# what types of stress acting in Piping system

### Below are the following stress acting in piping system

Contents

A. Axial or Longitudinal direction.

B. Circumferential or Hoop’s direction.

The stresses in the pipe wall are expressed as axial(SL), Hoope’s (SH) and Radial (SR).These stresses which stretch or compress a grain/ crystal are called normal stress because they are normal to the surface of the crystal.

### Hoop Stresses calculation

Stresses which are generated circumstantially due to the action of Internal pressure of pipe are called Hoop Stress. It is calculated by; –

Hoop Stress (Sh) = Pdo / 2t

Where P = Force Acting from Inside.

do = OD of Pipe.

t = Pipe Thickness.

Affect Hoop Stress in the system

As per membrane theory for pressure design of cylinders, as long as hoop stress is less than yield stress of Moc, the design is safe. Hoop stress induced by thermal pressure is twice the axial stress (SL). This is widely used for pressure thickness calculation for pressure vessel.

### Other stresses in piping system

A. Principal stress.

B. Shear stress.

The above stresses (Axial, Circumferential and Radial stress) have stress component in direction normal to faces of randomly oriented crystal. Each crystal thus faces normal stresses. One of these orientations must be such that it maximizes one of the normal stresses. Normal stresses for such orientation (maximum normal stress orientation) are called principal stresses and are designated as S1 (maximum), S2 and S3 (minimum).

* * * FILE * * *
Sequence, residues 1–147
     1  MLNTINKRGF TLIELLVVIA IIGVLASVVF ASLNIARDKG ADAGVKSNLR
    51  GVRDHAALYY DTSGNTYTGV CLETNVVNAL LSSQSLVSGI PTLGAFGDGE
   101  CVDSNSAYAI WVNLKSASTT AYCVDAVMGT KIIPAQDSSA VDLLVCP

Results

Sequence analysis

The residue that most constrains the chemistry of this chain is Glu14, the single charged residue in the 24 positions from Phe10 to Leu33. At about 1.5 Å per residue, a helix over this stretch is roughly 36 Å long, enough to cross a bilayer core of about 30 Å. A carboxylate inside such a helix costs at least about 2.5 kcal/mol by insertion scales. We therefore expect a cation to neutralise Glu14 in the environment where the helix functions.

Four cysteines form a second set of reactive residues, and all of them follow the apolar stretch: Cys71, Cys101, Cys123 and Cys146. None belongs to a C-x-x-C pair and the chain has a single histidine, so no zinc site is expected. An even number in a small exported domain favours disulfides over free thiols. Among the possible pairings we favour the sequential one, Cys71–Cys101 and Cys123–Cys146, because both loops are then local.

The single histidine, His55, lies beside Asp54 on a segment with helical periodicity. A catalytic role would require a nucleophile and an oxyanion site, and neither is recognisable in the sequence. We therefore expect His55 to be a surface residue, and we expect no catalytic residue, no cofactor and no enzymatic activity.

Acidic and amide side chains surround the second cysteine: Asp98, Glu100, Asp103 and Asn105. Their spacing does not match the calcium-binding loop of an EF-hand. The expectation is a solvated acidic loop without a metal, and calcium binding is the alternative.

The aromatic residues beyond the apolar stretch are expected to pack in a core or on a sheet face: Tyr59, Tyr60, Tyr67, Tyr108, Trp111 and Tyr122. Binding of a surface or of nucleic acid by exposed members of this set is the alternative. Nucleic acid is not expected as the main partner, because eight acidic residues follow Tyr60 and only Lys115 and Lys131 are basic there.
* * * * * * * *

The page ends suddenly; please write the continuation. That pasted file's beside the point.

Principal stresses are way of defining the worst case scenario as far as the normal stresses are concerned.

In addition to the normal stresses, a grain can be subjected to shear stresses as well. These stress act parallel to the crystal surface. The shear stresses occur if the pipe is subjected to torsion, bending etc. Just as there is an orientation for which normal stresses are maximum, there is an orientation which maximizes shear stress. The maximum shear stress in a 3-D state of stress can be shown to be as:-

τ max  = (S1 – S3)/2

i.e. half of the difference between the maximum and minimum principal stresses.

Calculation of principal stresses and maximum shear stresses

Use of Mohr’s circle allows calculating the two principal stresses and maximum shear stress as:-

S1 = (SL + SH)/2 + [{(SL + SH)/2}2 + τ2 ] 0.5

S2 = (SL + SH)/2 – [{(SL + SH)/2}2 + τ2 ] 0.5

τ max = 0.5 [(SL – SH) 2+ 4 τ2] 0.5

The third principal stress (minimum i.e. S3) is zero.